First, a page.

Firefighters watch as huge flames rise from an overturned tanker truck that burned along Route 27 near the Old Town Kayak business in Belgrade on Jan. 2. Morning Sentinel file photo

BELGRADE — If voters approve the development of a new ordinance, Belgrade Fire & Rescue may recover its costs when it responds to emergencies. 

A firefighter moves to pour water on a giant ball of fire erupting from an overturned tanker truck that burned along Route 27 in Belgrade on Jan. 2. Morning Sentinel file photo

Drafting the cost recovery ordinance for fire department services began after the department responded to a fiery crash involving a tanker truck and an SUV on Route 27 on Jan. 2. The truck was hauling 9,500 gallons of No. 2 fuel oil that became engulfed in flames after it overturned onto its side.

Had the ordinance been in effect, the fire and rescue department could have recovered $36,000 from the associated insurance companies for its services, said Town Manager Anthony Wilson. 

Instead, it only recovered a quarter of that, $9,000.

“With no ordinance,” said Wilson, “we were in no position to bargain.”

A final draft was approved by the Select Board on Dec. 4. Voters will have the final say whether the ordinance should go into effect during Town Meeting in March 2020. 

“We are trying to tap into a potential revenue source to help fund a fire department,” said Wilson. “That reduces the tax burden on the property owner.”

The town would not seek restitution for emergencies involving Belgrade taxpayers.

“We are not going to do that if the insured person is a Belgrade property taxpayer because that is a double whammy,” Wilson said. “They are already paying taxes to support the fire department.”

Two exceptions to this rule protecting taxpayers would be if the department has to respond to something related to an illegal burn or if the department has to respond to multiple false alarms due to faulty fire alarm system function that is not weather-related.

Wilson said that money will be collected from insurance companies, not private individuals or organizations.

Money collected will be used as revenue for the fire department and could be used to pay the salary of a second full-time fireman, Fire Chief Daniel MacKenzie said. The annual salary of that position would be $40,000 to $50,000.

It is too soon to say just how much the department could collect. If the ordinance is approved, MacKenzie said the department would have to establish rates for its coverage. 

The nature of the emergency, the number of responders, the time they responded and the number of trucks would all factor into how much could be recovered.

The town of Chelsea, according to its Fire Department Service Billing Ordinance established in 2015, charges $150 per hour for engine trucks, $150 per hour for squad trucks, and has a minimum call out fee of $300 just for the fire department to be sent to a scene.

“It could be a volatile revenue source,” said Wilson, “We might collect a lot one year, but little the next.”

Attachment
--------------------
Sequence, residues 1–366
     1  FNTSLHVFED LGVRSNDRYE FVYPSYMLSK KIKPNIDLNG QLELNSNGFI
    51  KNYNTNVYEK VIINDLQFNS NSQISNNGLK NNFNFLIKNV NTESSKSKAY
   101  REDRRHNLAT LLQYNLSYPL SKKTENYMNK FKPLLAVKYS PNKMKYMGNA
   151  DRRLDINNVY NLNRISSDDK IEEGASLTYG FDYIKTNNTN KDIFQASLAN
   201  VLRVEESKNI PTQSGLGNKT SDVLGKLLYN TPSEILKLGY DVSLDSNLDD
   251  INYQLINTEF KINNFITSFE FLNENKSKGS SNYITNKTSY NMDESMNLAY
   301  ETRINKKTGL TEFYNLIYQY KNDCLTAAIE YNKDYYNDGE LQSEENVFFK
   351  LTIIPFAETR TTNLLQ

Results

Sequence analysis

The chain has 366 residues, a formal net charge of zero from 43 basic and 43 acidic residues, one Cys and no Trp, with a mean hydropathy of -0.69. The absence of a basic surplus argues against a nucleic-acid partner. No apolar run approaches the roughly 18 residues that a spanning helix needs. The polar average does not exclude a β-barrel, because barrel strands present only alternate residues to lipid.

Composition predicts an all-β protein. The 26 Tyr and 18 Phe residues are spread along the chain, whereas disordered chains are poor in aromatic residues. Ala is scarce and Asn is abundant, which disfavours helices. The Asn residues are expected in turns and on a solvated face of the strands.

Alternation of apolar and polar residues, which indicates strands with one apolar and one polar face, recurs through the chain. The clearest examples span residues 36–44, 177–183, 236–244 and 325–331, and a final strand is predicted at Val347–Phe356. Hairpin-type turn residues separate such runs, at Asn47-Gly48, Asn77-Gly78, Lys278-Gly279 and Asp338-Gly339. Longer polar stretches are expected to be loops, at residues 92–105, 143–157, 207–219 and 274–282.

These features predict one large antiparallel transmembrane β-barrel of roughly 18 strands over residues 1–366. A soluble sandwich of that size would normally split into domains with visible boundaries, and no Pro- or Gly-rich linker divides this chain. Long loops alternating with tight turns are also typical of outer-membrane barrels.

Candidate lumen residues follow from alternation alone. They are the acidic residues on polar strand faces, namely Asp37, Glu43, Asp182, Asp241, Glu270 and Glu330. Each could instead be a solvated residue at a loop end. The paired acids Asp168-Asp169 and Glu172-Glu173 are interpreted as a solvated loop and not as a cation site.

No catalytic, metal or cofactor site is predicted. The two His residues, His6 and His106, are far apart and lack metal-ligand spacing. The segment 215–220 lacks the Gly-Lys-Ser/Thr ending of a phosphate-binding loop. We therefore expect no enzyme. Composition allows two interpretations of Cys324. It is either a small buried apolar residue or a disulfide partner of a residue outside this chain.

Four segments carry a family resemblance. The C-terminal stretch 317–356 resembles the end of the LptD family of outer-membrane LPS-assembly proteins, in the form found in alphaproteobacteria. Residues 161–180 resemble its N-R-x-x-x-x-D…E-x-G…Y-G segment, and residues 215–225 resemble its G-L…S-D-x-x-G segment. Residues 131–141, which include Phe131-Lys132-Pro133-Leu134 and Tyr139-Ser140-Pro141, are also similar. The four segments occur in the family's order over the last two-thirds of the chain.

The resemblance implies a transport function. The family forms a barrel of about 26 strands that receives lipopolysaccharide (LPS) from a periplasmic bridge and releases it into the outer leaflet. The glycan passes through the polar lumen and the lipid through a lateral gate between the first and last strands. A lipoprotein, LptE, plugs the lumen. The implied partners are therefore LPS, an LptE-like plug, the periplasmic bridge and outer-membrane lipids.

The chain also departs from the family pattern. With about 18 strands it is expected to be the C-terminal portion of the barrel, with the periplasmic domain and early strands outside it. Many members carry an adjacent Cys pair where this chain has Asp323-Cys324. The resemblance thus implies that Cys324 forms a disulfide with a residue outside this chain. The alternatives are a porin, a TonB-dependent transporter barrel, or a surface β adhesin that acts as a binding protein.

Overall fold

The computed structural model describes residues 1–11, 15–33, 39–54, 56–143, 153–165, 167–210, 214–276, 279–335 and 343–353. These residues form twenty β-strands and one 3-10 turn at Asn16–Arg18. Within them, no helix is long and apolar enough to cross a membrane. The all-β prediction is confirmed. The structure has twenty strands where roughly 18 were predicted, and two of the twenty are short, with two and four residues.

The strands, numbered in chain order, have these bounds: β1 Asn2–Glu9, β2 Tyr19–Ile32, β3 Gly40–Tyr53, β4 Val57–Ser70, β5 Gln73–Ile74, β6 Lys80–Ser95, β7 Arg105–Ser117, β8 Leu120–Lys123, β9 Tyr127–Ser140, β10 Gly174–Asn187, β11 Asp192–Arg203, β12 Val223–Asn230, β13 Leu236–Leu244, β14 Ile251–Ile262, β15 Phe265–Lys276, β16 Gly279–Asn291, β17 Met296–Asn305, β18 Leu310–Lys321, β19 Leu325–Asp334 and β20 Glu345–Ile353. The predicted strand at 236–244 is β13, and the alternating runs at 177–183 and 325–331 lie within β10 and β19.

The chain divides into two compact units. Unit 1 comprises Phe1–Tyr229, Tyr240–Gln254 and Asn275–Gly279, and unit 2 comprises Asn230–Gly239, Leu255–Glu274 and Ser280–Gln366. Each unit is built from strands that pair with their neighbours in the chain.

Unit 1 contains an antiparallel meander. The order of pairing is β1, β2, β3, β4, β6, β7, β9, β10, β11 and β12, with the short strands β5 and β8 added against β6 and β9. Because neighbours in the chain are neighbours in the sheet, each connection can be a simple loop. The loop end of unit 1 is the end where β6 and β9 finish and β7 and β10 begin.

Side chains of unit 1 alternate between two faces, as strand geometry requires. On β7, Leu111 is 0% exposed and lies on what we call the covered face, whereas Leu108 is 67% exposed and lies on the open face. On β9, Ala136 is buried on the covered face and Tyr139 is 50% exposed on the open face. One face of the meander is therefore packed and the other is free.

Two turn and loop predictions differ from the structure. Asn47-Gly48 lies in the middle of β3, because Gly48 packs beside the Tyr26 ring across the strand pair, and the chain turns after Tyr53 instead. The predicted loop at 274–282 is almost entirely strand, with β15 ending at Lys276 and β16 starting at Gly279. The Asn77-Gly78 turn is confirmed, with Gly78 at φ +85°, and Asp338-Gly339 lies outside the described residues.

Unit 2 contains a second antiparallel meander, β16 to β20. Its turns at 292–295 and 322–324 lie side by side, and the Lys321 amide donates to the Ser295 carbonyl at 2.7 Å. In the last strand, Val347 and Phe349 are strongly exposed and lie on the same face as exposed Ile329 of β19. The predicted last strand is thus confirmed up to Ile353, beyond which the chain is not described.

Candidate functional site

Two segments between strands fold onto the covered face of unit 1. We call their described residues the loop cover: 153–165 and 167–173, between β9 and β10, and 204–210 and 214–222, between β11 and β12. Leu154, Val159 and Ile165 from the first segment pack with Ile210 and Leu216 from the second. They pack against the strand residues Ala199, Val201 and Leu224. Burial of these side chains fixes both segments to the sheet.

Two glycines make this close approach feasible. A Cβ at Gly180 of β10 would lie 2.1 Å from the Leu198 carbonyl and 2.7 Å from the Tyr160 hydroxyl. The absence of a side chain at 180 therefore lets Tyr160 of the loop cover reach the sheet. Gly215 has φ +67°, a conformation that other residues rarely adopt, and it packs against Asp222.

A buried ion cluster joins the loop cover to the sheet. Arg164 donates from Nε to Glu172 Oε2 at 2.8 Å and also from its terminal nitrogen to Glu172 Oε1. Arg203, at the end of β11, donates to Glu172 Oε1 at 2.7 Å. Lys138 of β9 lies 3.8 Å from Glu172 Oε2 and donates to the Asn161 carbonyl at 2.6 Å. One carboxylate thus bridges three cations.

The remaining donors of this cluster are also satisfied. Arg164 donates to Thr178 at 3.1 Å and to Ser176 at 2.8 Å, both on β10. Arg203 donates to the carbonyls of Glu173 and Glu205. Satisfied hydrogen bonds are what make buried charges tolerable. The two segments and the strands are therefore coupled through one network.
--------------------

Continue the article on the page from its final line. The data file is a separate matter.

Because the revenue cannot be counted on, he said the money would not be appropriated until the following budget year. 

Wilson and MacKenzie envision most of the recovery costs to be related to car accidents involving travelers passing through the town.

“The town will have authority and leeway to decide when we will pursue restitution and when we will not,” said Wilson. 

A private consultant would be contracted by the town to make the recovery, Wilson said. That consultant would take a portion of that collection as payment.

Fairfield Fire Chief Duane Bickford said that revenue generated from the cost recovery “has been very little.”

In the two years the town has had the ordinance, he said the department has only collected about $6,000, about $700-$1,000 per bill. 

The town responded to 123 car accidents in 2017 Bickford said. That means not many insurance companies are paying, and if it is just a fender-bender, there is no one to send the bill anyway.

“It is up to the insurance company to pay the bill,” he said. “If they don’t pay the bill, we do not pursue.”

Bickford said that the town collects both from residents and nonresidents, however, it only collects from car accidents. 

Though the revenue is not near the potential, it is still a revenue source and is not a hassle for the department, he said. 

“The department already has to write accident reports,” Bickford said, “the only extra step is to send that report to a third-party billing. They get 20% of what they recover, and they do not get anything if they do not recover.” 

According to Belgrade’s ordinance draft, costs that could be recovered from services include: 

• scene and safety control at traffic accidents;

• disentanglement operations and extrication rescues from vehicles;

• fluid and hazardous substance mitigation at traffic accidents;

• vehicle and equipment fires; and

• standby for utility lines in roadways.

The department would not be able to recover costs associated with aiding towns outside Belgrade. 

Along with Chelsea and Fairfield, other towns with ordinances include Albion, Etna, Randolph and West Gardiner, according to the Maine Municipal Association.

“Ordinances like this are not yet common in Maine,” said Eric Conrad, director of communication and educational services for the Maine Municipal Association. “We don’t think there’s a trend per se, at least not here in Maine.”

The draft of the ordinance presented to the select bBoard for approval can be viewed on the town’s website in the Dec. 3 agenda package.

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